The Encyclopedia Americana (1920)/Priest of Kirchfeld, The
|←Priest||The Encyclopedia Americana
Priest of Kirchfeld, The
|Edition of 1920. See also Der Pfarrer von Kirchfeld on Wikipedia, and the disclaimer.|
PRIEST OF KIRCHFELD, The. The folkplay in Viennese dialect, ‘Der Pfarrer von Kirchfeld,’ produced 5 Nov. 1870, in Vienna, is Anzengruber's most popular drama even if in the opinion of the critics it is not his best. It raised a struggling unknown author to fame, partly because of its freshness and inherent excellence, but more because it voiced popular feelings in regard to the celibacy of the clergy, mixed unions, enforced civil marriage and the relation of church and state as affected by the declaration of papal infallibility in 1870.
The scene is laid just outside of Austria in the most conservative portion of Old Bavaria among a simple peasantry “whose passions, expressed without reservation or but clumsily concealed” were a novel revelation of human nature to theatregoers. Priest Hell and his feudal adversary, Count Finsterberg, reveal by their very names the nature of the conflict which is precipitated by Hell's innocent gift of a little gold cross to his ward, the orphaned, penniless Annerl. This gives the vagabond Wurselsepp an opportunity to ruin the Priest with his parish as an expression of hatred caused by ecclesiastical prevention of his union to a Lutheran girl 20 years before. In the best scene of the play Hell converts and wins the friendship of this enemy when he permits the burial of Wurzelsepp's suicide mother in consecrated ground. But this employment of his own judgment against the law of the Church loses for him his parish.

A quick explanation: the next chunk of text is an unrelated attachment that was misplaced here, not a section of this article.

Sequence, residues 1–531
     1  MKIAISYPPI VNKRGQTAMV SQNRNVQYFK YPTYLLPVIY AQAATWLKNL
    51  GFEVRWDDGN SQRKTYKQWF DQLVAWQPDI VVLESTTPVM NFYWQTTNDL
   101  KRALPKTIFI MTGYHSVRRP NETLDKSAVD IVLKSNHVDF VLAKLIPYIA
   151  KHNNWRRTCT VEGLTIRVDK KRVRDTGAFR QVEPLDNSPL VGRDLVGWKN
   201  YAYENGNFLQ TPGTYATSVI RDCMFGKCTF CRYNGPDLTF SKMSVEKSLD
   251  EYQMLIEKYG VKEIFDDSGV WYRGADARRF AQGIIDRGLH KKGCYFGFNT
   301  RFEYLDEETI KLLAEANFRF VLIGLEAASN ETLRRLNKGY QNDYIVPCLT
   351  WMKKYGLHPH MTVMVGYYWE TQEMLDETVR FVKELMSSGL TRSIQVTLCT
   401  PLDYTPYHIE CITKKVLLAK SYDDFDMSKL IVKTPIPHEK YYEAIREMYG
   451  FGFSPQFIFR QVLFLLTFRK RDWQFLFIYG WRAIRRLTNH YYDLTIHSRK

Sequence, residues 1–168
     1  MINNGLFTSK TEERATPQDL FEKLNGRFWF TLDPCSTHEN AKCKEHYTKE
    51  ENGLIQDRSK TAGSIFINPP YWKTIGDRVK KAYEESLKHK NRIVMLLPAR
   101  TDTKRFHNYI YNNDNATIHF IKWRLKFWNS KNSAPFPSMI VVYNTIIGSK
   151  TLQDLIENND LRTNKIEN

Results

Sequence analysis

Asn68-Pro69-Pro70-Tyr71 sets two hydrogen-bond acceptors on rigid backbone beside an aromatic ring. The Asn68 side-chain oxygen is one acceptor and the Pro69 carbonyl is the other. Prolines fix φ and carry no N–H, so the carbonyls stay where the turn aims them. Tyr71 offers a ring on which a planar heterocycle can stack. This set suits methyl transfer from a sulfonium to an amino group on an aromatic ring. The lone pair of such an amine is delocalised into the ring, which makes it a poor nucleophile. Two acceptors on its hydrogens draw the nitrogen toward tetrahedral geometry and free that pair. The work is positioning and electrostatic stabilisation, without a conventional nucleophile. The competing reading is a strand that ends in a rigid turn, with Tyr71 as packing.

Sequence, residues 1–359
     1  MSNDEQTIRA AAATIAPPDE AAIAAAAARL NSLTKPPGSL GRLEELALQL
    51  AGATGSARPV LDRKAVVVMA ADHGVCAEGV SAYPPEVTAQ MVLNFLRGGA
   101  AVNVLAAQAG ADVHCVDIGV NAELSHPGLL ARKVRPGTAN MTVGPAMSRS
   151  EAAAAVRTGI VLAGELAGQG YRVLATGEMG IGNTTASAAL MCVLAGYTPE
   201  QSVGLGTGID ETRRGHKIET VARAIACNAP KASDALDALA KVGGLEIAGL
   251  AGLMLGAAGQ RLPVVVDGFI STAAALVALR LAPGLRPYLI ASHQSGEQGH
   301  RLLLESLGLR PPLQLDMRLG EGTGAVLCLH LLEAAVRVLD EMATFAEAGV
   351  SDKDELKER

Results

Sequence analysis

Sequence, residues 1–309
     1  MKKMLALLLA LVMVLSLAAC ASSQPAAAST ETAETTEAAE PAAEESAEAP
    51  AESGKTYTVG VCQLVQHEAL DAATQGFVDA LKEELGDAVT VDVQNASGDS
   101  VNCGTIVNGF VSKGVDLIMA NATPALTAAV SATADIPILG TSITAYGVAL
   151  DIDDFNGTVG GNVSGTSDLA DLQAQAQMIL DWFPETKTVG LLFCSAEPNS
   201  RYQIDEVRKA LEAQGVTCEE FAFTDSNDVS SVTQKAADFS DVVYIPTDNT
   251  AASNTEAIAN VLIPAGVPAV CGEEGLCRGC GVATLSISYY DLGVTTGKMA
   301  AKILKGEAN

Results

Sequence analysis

Though a member of the “church militant and regnant” he had sought like the ‘Monk of Wittenberg’ for a way short of the requirement to inquire “May I do it, just as I mean it?”, a way which makes men “indifferent or apostate.” Herein lies a part of the tragedy of his position. However, he becomes no champion of the “Away from Rome” movement, which later gained such strength. He conquers self, and submits. More tragic, almost to the point of suicide, is his love for Annerl, who also learns resignation like all Austrians, by giving hand and allegiance to the peasant, Michel. It is this soul conflict, more than its politico-religious purpose, which makes the play great. First produced in the Folktheatre “an der Wien,” it gradually found its way over all German-speaking lands, being played 632 times between 1899 and 1905. Text Vol. VI of Gesammelte Werke (1898). Criticism Sigismund Friedmann, ‘Ludwig Anzengruben’ (Leipzig 1902).